The Smoke palette is the worst of the two that I purchased. The shades reminded me of an Urban Decay palette (I think it’s the Dangerous palette) and I was hoping that it would be a good dupe. It wasn’t. All of the shades in all three Studio Prism Eyeshadow Palettes are shimmery or metallic. If you like mattes, stay far away from these products. I actually really like shimmer, but I like to pair them with mattes or at least satin finish to tone them down. All this metallic shimmer is a bit much for one look, especially if you are hoping to transition from Day to Night. While I love the shades in the Smoke palette, the real issue that I had was with staying power. Without primer, these shadows began to fade within a couple hours. What’s even worse is that they started to crease on me within four hours. Remember, I have dry lids, so I rarely have trouble with fading and creasing. Actually, I’m not completely convinced it was actual creasing, but rather an uneven fading that looked like creasing. Either way, it was bad look. With primer, the Smoke Prism Eyeshadows did better and didn’t start to fade until the four or five hour mark with no creases on me. I think even with a primer, oily lid girls will have problems.
The other issue that I had with the Smoke palette is that the shades get lost together. They blended with each other a little too smoothly and looked muddy and undefined. I really wanted to like the Smoke palette, but it was a big fail for me. E.l.f. did a little better job on the Sunset Studio Prism Eyeshadow palette, and I did enjoy that one.
True to it’s name, the Studio Prism Eyeshadow Palette in Sunset is a collection of fiery gold and pink shades. The wear-time for the Sunset palette was much better than the Smoke palette. You still need a primer with the Sunset Palette to avoid fading and creasing. Even with a primer I still had some fading issues, but it was minimal compared to the Smoke palette, and I didn’t really mind it that much. Unlike the Smoke palette, these shades blend well with each other and stay defined for a dimensional look.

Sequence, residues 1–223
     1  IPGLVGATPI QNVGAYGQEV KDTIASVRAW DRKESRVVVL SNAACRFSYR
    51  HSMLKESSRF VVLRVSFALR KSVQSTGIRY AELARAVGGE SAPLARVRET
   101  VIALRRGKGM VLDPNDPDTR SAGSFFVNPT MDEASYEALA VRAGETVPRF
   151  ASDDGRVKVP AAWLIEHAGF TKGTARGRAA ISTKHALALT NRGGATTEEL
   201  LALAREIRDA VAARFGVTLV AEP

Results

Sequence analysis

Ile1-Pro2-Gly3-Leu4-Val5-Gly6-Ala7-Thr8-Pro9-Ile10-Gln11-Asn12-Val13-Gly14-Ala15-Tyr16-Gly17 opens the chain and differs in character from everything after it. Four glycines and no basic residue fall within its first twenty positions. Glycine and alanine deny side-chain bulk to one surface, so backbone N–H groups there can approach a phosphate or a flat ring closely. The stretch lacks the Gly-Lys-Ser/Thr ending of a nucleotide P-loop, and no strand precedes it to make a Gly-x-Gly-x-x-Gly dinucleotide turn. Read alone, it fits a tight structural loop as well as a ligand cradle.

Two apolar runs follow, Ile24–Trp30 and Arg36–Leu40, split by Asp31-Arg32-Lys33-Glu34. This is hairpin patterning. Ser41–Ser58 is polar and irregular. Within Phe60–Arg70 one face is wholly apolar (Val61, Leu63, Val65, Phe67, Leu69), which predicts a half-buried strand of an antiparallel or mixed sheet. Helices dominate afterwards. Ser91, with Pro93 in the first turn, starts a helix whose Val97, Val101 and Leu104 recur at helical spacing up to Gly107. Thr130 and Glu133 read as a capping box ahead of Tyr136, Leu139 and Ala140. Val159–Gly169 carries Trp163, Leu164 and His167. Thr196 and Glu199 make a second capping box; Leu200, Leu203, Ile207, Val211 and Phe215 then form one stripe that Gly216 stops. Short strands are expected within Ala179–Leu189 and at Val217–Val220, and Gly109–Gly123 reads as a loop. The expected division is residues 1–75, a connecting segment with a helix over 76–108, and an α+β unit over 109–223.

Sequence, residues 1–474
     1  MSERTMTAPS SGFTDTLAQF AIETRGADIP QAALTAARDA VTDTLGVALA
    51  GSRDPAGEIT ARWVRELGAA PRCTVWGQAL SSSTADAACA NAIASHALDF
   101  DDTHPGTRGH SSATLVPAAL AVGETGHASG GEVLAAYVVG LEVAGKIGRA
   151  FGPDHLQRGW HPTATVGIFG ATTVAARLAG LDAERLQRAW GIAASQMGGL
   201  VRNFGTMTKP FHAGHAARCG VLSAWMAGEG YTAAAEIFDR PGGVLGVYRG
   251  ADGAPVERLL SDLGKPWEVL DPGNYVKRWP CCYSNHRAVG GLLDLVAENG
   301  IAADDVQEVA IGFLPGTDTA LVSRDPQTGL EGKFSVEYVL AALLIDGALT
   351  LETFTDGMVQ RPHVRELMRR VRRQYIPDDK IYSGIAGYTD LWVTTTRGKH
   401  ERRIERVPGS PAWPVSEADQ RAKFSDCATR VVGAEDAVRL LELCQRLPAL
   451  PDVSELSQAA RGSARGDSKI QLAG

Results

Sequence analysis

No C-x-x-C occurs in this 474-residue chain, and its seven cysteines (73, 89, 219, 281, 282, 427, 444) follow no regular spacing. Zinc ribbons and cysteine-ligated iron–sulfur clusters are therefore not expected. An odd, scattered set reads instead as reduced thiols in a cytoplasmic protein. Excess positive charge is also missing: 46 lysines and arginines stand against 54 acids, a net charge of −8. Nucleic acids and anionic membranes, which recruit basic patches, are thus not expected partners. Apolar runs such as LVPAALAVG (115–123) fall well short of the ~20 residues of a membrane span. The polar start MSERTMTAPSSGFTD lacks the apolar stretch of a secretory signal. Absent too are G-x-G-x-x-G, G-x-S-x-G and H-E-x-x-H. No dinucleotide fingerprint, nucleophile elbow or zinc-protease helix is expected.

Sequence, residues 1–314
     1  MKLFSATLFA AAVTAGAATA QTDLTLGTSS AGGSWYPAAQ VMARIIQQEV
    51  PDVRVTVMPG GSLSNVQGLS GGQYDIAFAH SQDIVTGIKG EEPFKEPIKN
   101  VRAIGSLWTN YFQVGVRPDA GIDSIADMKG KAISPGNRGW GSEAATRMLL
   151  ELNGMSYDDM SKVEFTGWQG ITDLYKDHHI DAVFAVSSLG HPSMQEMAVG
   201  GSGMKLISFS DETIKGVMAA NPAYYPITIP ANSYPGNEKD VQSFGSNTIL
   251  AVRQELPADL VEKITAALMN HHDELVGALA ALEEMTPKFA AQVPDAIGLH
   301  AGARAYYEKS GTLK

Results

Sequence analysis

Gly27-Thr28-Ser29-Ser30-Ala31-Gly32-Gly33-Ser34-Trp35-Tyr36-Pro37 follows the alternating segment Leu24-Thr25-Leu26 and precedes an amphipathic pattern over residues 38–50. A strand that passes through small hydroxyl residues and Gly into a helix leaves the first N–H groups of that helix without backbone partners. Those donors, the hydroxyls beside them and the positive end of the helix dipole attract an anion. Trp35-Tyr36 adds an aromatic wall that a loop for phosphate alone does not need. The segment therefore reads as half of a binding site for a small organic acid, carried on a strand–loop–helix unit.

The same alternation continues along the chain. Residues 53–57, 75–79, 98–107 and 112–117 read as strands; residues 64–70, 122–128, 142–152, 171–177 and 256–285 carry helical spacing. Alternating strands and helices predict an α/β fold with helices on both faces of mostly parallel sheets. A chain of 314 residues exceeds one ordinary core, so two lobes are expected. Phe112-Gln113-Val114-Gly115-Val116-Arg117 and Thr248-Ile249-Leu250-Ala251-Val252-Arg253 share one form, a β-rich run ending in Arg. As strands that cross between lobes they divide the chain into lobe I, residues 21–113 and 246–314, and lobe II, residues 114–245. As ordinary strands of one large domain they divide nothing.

As you can see, the six shades in the Sunset palette are even more metallic than the shades in the Smoke palette. This is a lot of look, even for someone used to wearing bright colors. I think that the Sunset palette is gorgeous, but I can not wear it alone. I have to incorporate some true powder shadows with matte or satin finishes. E.l.f. claims that you can use the Studio Prism Eyeshadows as liner as well as shadow, but I would not recommend it, especially with these fiery colors. The shadows migrate and the pinks can make you look a little ill. Also, with that sick petroleum smell, I’m not thrilled with the idea of putting them on the lower lash line for fear of getting them in the eye. I haven’t heard of any bad reaction to the Studio Prism Eyeshadow, but that smell makes me nervous.
All in all, though the e.l.f. Studio Prism Eyeshadow Palettes swatch beautifully, the formula leaves a lot to be desired. At $10 full price, I would definitely skin the Smoke palette. It just isn’t worth it. If you like the Studio Prism Eyeshadow in Sunset or want to try it in Naked, I’d wait for a sale. I don’t think that they are worth $10, but they may be worth $5. I would love to hear if you have tried the e.l.f. Studio Prism Eyeshadow Palettes. My opinion seems to be in the minority from what I see on the internet, so I really want to hear your thoughts. Am I missing something? Do you love the e.l.f. Studio Prism Eyeshadow Palettes? Or do you, like me, wonder what all the hype is about? Let me know in the comments below.